Washington, D.C. – Nevada Senator Harry Reid made the following remarks today on the Senate floor regarding the need to end partisan games and focus on job creation. Below are his remarks as prepared for delivery:
Democrats believe job creation should be Congress’ number one priority – and Americans agree. But this year, Republicans have distracted Congress from its most important responsibility – getting our economy back on track – time and again.
They have piled endless amendments on legislation that should enjoy bipartisan support. They have killed good bills with obstructionism and stall tactics.
They have dragged out votes to continue funding the government and to avert a default crisis – votes that have always been routine under Republican and Democratic presidents alike.
President Reagan asked Congress to prevent this country from defaulting on its debt 18 times, and Republicans never batted an eye.
Yet this year we set aside our jobs agenda for months while they held up the work of Congress and held our economy hostage.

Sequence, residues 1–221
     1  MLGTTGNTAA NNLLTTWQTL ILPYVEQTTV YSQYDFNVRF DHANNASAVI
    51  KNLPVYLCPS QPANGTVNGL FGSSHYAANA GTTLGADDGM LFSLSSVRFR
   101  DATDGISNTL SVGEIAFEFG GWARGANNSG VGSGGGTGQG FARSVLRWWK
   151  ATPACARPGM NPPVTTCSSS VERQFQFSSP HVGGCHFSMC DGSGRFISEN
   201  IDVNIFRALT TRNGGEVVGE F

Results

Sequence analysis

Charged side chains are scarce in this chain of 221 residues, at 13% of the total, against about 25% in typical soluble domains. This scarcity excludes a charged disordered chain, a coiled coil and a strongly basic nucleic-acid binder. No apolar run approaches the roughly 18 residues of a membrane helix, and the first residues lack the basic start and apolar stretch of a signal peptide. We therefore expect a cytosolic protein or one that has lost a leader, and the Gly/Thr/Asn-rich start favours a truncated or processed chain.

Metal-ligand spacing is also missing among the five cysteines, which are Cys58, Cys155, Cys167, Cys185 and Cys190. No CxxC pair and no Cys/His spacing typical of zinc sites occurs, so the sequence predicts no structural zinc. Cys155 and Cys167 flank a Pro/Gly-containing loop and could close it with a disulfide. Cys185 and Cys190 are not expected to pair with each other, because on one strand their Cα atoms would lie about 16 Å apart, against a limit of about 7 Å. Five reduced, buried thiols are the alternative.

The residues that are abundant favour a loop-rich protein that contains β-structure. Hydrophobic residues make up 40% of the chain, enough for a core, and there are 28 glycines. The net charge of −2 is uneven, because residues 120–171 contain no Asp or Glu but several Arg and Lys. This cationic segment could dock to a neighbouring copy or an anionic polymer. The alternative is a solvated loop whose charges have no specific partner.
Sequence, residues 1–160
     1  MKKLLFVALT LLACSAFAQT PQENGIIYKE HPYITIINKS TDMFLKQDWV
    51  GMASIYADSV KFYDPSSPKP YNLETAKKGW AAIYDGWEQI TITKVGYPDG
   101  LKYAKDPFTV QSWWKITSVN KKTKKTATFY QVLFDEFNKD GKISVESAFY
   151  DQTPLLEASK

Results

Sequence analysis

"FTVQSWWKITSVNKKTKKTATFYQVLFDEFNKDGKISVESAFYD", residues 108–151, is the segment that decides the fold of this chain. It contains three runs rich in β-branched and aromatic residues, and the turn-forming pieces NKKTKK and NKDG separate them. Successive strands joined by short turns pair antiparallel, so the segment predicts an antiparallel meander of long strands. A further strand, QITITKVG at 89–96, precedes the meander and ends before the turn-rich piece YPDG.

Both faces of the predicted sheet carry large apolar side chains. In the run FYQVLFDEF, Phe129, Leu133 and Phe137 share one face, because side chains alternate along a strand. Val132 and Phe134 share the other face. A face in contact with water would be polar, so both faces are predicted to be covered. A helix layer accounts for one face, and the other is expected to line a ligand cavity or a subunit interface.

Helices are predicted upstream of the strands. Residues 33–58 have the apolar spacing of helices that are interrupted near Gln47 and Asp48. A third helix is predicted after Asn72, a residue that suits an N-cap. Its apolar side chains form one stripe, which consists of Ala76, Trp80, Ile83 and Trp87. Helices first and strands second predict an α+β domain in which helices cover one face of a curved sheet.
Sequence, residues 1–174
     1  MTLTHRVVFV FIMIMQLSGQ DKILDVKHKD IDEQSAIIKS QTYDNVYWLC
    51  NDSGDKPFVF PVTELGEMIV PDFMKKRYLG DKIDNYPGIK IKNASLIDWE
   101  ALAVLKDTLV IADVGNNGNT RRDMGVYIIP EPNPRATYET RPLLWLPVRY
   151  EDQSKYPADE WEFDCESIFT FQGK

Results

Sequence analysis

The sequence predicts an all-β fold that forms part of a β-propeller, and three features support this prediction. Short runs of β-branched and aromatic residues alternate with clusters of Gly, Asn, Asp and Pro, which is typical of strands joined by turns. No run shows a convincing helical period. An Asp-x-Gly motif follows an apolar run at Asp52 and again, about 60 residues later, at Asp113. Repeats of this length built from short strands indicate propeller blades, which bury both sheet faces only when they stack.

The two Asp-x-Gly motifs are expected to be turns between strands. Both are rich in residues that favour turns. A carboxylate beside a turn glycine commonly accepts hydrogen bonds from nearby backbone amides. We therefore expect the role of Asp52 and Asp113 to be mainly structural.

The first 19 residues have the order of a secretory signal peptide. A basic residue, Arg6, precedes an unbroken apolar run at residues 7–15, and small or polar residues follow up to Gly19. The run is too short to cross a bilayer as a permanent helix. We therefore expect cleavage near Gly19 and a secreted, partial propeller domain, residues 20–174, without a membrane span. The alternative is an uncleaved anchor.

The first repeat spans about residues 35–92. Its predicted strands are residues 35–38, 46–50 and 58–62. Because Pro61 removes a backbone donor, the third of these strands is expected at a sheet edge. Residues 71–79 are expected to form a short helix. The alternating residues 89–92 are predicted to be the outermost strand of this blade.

Rather than working with Democrats to pass job-creating legislation, they insisted on reckless cuts that hurt our economic recovery and prevented us from getting Americans working again.
And they did all this for the sake of politics. They will do anything to keep President Obama from getting reelected.
But the August employment report released last week should be a wakeup call to every Republican who has wasted Congress’ time over the last eight month.
The private sector added a lackluster 17,000 jobs last month, and the unemployment rate remained flat.
Although August marked the 18th straight month of private sector job growth, a stagnant unemployment rate is simply not good enough.
Congress must act quickly to jumpstart a slowing recovery and bring the unemployment rate down.
It is time for Congress to get down to the work it should have been doing all along – work Republicans have delayed for eight months now.
That will take cooperation, something that has been in short supply in Washington this year.
But I am hopeful as we begin a new work period that our constituents’ voices will be fresh in our minds as we take on the task of passing practical, bipartisan job creation legislation.